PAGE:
World Bulletin / News Desk
Papua New Guinea is responsible for the human rights of refugees sent to a remote island by Australia, the UN human rights chief has said, as advocates warn the men are living in fear of violence from local residents.
The men have expressed fears for their safety at the centres, and also accused Australian and PNG authorities of not providing them with adequate healthcare.
In a day-long visit to PNG on Thursday, UN High Commissioner for Human Rights Zeid Ra'ad Al Hussein raised his concerns about the refugees' plight during meetings with the government.
"The government has the responsibility to ensure that while these individuals are on their territory, they have access to their basic necessities and their basic rights, including the right to adequate housing and food," the High Commissioner's spokeswoman Ravina Shamdasani told AFP Sunday.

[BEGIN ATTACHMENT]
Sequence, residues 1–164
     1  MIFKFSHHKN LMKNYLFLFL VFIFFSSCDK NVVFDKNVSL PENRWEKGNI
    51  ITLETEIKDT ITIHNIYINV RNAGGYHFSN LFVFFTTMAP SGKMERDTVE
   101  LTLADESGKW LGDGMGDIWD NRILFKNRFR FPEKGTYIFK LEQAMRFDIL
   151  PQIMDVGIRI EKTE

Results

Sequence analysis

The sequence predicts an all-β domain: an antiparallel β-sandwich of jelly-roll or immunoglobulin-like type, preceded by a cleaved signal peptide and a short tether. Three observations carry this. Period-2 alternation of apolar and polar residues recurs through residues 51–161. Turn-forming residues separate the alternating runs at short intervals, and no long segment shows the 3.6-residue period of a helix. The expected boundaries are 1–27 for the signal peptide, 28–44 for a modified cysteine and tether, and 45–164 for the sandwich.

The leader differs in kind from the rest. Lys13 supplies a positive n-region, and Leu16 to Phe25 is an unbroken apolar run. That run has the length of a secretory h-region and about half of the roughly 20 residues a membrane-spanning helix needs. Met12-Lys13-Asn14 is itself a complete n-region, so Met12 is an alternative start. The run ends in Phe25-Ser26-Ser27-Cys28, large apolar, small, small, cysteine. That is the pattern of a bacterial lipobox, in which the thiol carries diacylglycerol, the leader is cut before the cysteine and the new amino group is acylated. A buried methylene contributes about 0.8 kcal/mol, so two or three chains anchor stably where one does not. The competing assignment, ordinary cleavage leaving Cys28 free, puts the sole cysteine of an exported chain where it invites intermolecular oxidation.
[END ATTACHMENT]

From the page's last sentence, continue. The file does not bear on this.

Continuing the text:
Shamdasani added that the High Commissioner had also raised such concerns with Australian officials on a number of occasions publicly and in private meetings.
"He will be following up on the cases of these detainees with Australia as well," she said.
The men were brought to Manus as part of a harsh Australian immigration policy that bars asylum-seekers who try to reach the country by boat from resettling there.
Their refugee applications are processed on Manus or at another remote camp on Nauru, before successful applicants are resettled in the Pacific nations or other countries.
President Donald Trump repeated his call, meanwhile, for arming some of America's teachers and claimed the controversial proposal was increasingly drawing support.
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